A Struggle With Social Anxiety

Social Anxiety Disorder (SAD), like every other mental disorder, is no joke. The emotional distress, physical symptoms, struggle to socialise, and inability to be rational in even the simplest of situations can be seriously disabling, exhausting and humiliating. Some individuals with SAD tend to avoid social or performance situations out of fear, despite knowing that their fear is unreasonable and excessive. When a feared situation is not avoided, many individuals end up feeling intensely anxious and distressed. But as soon as they’re alone again, or perhaps with people they feel comfortable around, they feel a whole lot better.

I’ve had social anxiety for as long as I can remember. But it was manageable until I moved to a socially intimate neighbourhood. Since then, the social anxiety has developed into SAD, and it’s interfering with my everyday life. Just this morning, my social anxiety played up over a ridiculously straightforward task…

I woke up feeling pretty good this morning, so I decided I was going to make pancakes for breakfast. But much to my dismay, I realised I didn’t have one of the key ingredients – milk. I proceeded to get dressed and grabbed my purse as I headed to the front door. Just as I was about to leave the house, I began to feel apprehensive and retreated into the kitchen. I asked my S.O. to accompany me to the small grocery store near our house, but he refused to come as he felt rather tired. I really wanted to make pancakes as our daughter enjoys watching me flip them in the pan, and (of course) loves eating them. So I asked my S.O. again. He calmly stated that there was no need for both of us to go to the store for one carton of milk, and that we’d have to wake our daughter up as she can’t be left alone at home. He had a point, and  knew I was being unreasonable. There really was no reason for all three of us to go out to buy just one carton of milk.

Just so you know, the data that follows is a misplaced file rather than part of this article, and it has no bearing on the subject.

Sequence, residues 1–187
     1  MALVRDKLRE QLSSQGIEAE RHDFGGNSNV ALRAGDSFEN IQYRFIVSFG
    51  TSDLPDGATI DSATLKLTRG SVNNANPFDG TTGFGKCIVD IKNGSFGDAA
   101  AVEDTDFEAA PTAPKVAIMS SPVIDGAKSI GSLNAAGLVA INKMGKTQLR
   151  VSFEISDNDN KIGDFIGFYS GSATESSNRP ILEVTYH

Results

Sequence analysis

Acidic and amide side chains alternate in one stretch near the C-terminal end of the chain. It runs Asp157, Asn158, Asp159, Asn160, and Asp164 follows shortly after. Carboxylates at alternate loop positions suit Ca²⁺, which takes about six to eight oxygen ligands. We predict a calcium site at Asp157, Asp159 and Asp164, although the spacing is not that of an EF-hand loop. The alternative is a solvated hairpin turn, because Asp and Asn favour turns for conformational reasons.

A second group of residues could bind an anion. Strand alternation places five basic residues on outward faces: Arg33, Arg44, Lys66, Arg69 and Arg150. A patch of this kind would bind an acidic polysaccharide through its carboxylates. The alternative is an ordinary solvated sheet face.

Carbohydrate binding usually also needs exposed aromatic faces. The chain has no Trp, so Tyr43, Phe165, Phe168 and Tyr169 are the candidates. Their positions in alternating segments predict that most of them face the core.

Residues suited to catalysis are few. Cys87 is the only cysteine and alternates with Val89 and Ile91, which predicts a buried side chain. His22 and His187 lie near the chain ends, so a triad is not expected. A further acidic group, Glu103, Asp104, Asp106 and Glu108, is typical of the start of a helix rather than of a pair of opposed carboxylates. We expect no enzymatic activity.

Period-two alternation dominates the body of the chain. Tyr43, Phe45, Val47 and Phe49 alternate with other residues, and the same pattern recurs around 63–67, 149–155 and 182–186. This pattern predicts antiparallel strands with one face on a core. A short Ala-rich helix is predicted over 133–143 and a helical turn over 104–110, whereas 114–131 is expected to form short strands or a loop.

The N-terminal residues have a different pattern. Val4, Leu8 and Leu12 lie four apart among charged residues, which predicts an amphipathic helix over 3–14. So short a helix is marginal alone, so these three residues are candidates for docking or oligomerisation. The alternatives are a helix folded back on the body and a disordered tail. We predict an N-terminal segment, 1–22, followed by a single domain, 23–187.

Still, the thought of walking to the store alone made me nervous. I knew I’d bump into other people, there was no doubt about that. Without my S.O. and our daughter by my side, all eyes would be on me. And I’d have to say hello, everyone in the area says hello to one another. The thought of politely saying hello to neighbours, acquaintances and strangers while walking past them made me fearful. What if some individuals wanted to have a conversation? I’d panic and most likely say something stupid. And what about when I reached the store? The thought of entering, taking the milk, and interacting with the cashier made me incredibly anxious.